A 1-cent sales tax hike may soon be hitting the residents of unincorporated Kern County.
Tuesday, Kern County’s Board of Supervisors began talks on Tuesday of possibly adding this tax increase on the November ballot that would apply only to the county’s unincorporated areas and be overseen by a citizen’s committee.
With a similar measure being voted on with a majority ‘no’ vote four years ago, the board decided to leave it to the public’s decision come November to approve the proposal with a simple majority for unincorporated Kern voters. This was done with a 4-0 vote, having Supervisor Mike Maggard absent, which has staff members returning Tuesday with the ballot proposal.
This proposal was motioned by Supervisors Leticia Perez after the need for “self-determination” to stabilize Kern’s general fund and improve local public services was needed, according to county officials and more.
Staff members then proceeded to provide a presentation on the declining revenue tax income since 2014.
With hesitations on increasing local taxes, board members held reservations to second the motion with skyrocketing inflation rates. But Supervisor Phillip Peters seconded Perez’s motion causing it to be approved.
While the motion was approved, there was still no indication whether the county will see this tax increase.
Alternately on the agenda, an item titled “presentation on community engagement efforts, identified needs and public service prioritization” was added for discussion at the meeting.
County staff led by Chief Administrative Officer Ryan Alsop walked board members through the results of public surveys relating to what voters are hoping to see in the next election regarding public service over the last two years.
Their top five priorities were public safety; mental health and addiction services for people who are homeless; roadwork; emergency medical response; and prevention of property crimes. Residents of Kern’s unincorporated areas stated that they were missing the breadth and depth of services available to people living in cities.
Following this evidence, staff depicting the decreasing county’s income from 2014 to present day, due to the initial drop in global oil prices which led to a sharp decline in Kern property tax revenues.
The oil industry’s prospects have continued to decline as the Newsom administration has targeted in-state oil production and the statewide tax exemption of utility-scale solar installations has taken away over $20 million of revenue for the county each year since.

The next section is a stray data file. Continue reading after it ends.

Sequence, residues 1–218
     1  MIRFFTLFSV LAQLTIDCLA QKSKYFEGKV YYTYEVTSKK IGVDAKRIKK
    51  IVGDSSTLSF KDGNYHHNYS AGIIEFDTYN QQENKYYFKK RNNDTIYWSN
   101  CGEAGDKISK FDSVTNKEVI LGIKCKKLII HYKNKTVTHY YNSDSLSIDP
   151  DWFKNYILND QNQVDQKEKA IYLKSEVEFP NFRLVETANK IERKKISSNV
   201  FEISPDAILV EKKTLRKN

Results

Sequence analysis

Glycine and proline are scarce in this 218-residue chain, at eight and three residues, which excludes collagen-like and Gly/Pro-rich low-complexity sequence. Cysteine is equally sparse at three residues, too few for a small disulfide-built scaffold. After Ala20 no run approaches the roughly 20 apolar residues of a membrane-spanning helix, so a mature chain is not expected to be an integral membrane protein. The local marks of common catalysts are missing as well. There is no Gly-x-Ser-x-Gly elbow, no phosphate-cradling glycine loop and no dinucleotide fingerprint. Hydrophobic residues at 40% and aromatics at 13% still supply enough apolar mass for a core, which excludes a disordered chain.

The ultimate pitfall for the Golden Empire rests with its discretionary revenue, which has dropped 6 percent over the past seven years to roughly $392 million.
This accounts for roughly 12 percent of Kern County’s total budget.
Thirty-four of California’s 58 counties charge more than the state’s 7.25 percent sales tax to provide sufficient public services to their residents. Those that don’t, such as Ventura County, avoid charging a higher tax due to their strong, built-in tax revenues to support ample public services.
The blame, according to Alsop, belongs with Sacramento. He argued that California lawmakers continue levying unfunded mandates and other policies that cost Kern County nearly $500 million in the past seven years while simultaneously putting the oil and gas industry on a path toward being “regulated into extinction.”
County District Attorney Cynthia Zimmer was one of the few officials who supported the tax increase saying it’s imperative that Kern have money available to recruit and retain specialized staff.
Dave Nelson, president of the Kern County Firefighters Association, advocated for his group voicing that they are generally against raising taxes but that it can support the minor 1-cent sales tax proposal.
“We need to do something to address those (public services) issues,” he said. “We’re under the stranglehold of legislation that’s not going to go away.”
Peters hesitated from endorsing the idea of a sales tax increase, having several questions without any answers for staff. He said the voters should see what the county has done to address its needs short of raising more money from taxpayers.
He ended his remarks by stating, “I definitely understand the need, and I definitely want to do whatever we can to help support our public safety and our county.”
Supervisor David Couch held similar concerns but ultimately supported public safety as a main priority.